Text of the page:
Control of Bamboo
Bamboo in the garden is often considered a nuisance, but it doesn’t have to be. Bamboo can in fact be a great addition to your home. Managing your running bamboo is actually pretty easy when you adopt a care routine and practice a little patience. In doing so, you can enjoy your bamboo year round and utilize all of its attributes around your home and in your community.
Techniques for Running Bamboo:
Each fall, in late September or October, prune around the perimeter of the bamboo with a flat-bladed spade or shovel to a depth of about 8 to 10 inches (20-25cm). This cuts the rhizomes which spread in search of water and nutrients. Pruning or mowing rhizomes earlier, in late spring or summer, can help to confine the bamboo to even smaller perimeters. After cutting the rhizomes, simply pull and remove them.
Digging a narrow trench (about 3 inches wide and 10 inches deep) around the bamboo to easily monitor the perimeter will allow you to see any rhizomes that cross the trench. Since they are easily spotted, they can be easily trimmed.
Using Rhizome barrier:
Another method to manage running bamboo is to install a rhizome barrier. This takes a little more work on the front end but can save you a lot of time in the long run. Barriers are sold by the linear foot (about $3.00 per foot) and you can use them to create what essentially becomes an in-ground container in which your bamboo will grow.
Since the rhizomes grow horizontally, and at a depth of about 26-28 inches (66-71cm), the barriers need to be buried somewhat deep. They are typically available at 30 inch widths, so once installed you can keep a few inches above ground, creating a rim. Install the barrier on an angle creating a bowl shape so that when the rhizomes bump into the barrier, they grow up towards the rim. Then you just
Close the length of barrier (to form a closed circle) by overlapping the ends by 12 inches, and secure the ends with strong glue and/or stainless steel fasteners. A tight, gap-free enclosure prevents any rhizome escape. Fill your barrier bed with compost and soil, and enjoy.
After a few years, you will want to thin your bamboo, as you would any plant that becomes root-bound in a pot. You can do so by cutting chunks of rhizome from the bed and replacing with fresh compost and soil. The chunks (with canes) make great gifts for others to enjoy.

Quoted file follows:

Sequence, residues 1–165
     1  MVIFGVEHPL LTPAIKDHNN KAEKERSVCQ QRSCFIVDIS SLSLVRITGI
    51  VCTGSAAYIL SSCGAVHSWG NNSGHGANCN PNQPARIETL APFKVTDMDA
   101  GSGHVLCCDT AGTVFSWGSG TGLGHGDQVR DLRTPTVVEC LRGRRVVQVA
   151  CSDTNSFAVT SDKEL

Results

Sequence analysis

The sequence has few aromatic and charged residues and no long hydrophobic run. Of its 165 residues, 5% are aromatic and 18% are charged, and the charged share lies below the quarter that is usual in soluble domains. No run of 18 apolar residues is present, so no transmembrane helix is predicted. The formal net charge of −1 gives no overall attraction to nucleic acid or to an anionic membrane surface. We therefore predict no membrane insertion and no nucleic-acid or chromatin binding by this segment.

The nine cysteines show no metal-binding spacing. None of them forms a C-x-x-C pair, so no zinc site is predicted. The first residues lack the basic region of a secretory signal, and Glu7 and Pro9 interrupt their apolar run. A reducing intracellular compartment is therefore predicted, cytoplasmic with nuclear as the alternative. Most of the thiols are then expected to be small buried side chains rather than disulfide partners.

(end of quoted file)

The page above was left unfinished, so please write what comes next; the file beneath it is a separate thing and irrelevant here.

Raised Beds and Pots:
Bamboo can grow well in raised bed boxes providing that they are well watered (happy not soggy) and well fed. A bed of 2 feet by 2 feet made of treated lumber can easily be assembled and disassembled to facilitate management. The open bottom should be monitored since, lacking a barrier, the rhizomes may grow under the frame. If you keep the bed properly thinned the rhizomes should grow horizontally and up rather than down and out.
Large terracotta pots with drainage holes can also be used. Place the pots on stone pads to prevent rhizome contact with soil. Pots should be 18 inches deep and 24 inches in diameter. It is important to note that they can get heavy when wet, so think about placement to minimize relocation. Like the raised beds, you will want to thin these potted bamboos.
Techniques for Clumping Bamboo:
These bamboos do not run and grow in close proximity to the “mother” clump. They can be pruned and managed similarly to that of running bamboos. It is not however required that clumping bamboo use any sort of barrier to prevent rhizome running.
For the first year of planting, do not prune any canes so that the plant can receive as much food and energy as possible. During the second and third year, selectively prune short and weak growth, to create spacing of about six inches between culms. Doing so will allow space for new shoots in the spring. Too many shoots or shoots that are too thin to save? Cut them and eat them! Just make sure to get them early before they toughen.
Shrub size and Dwarf bamboo:
These bamboos can be pruned dramatically to encourage vigorous, bushy growth each year. They don’t take a great deal of care but should have proper mulch and plenty of light. Don’t be afraid of dwarf bamboos, they’re easy to remove if you fall out of love with them, so just stick them in the dirt and enjoy the resulting ground cover and lush foliage.
Removal of Bamboo:
Removing bamboo can sometimes be a bit of a pain, but there are a few tips that can help you save some time and effort. The first step is to dig a trench around your bamboo that you wish to remove much the same way you would if you were managing a running variety. This allows for the rhizomes to be cut and insures that there are no little stragglers waiting to grow as soon as you turn your back.
Once the rhizomes have been cut and the culm has been isolated, it can be thinned or trimmed all the way back. Smaller varieties and thin bamboo may be mowed down but the larger species will need to be cut as short as possible by hand. The culm may then be removed below any rhizomes. A good time to do this is in the spring when the new shoots are using more energy to grow upwards in search of light instead of growing outward strengthening their walls.
Properly removing large bamboo can take several weeks so be patient and keep working a little at a time. It should also be noted that there are some zoos (especially those with Giant Pandas) that will happily remove some of your bamboo, so be sure to give them a call before you take an axe to it.
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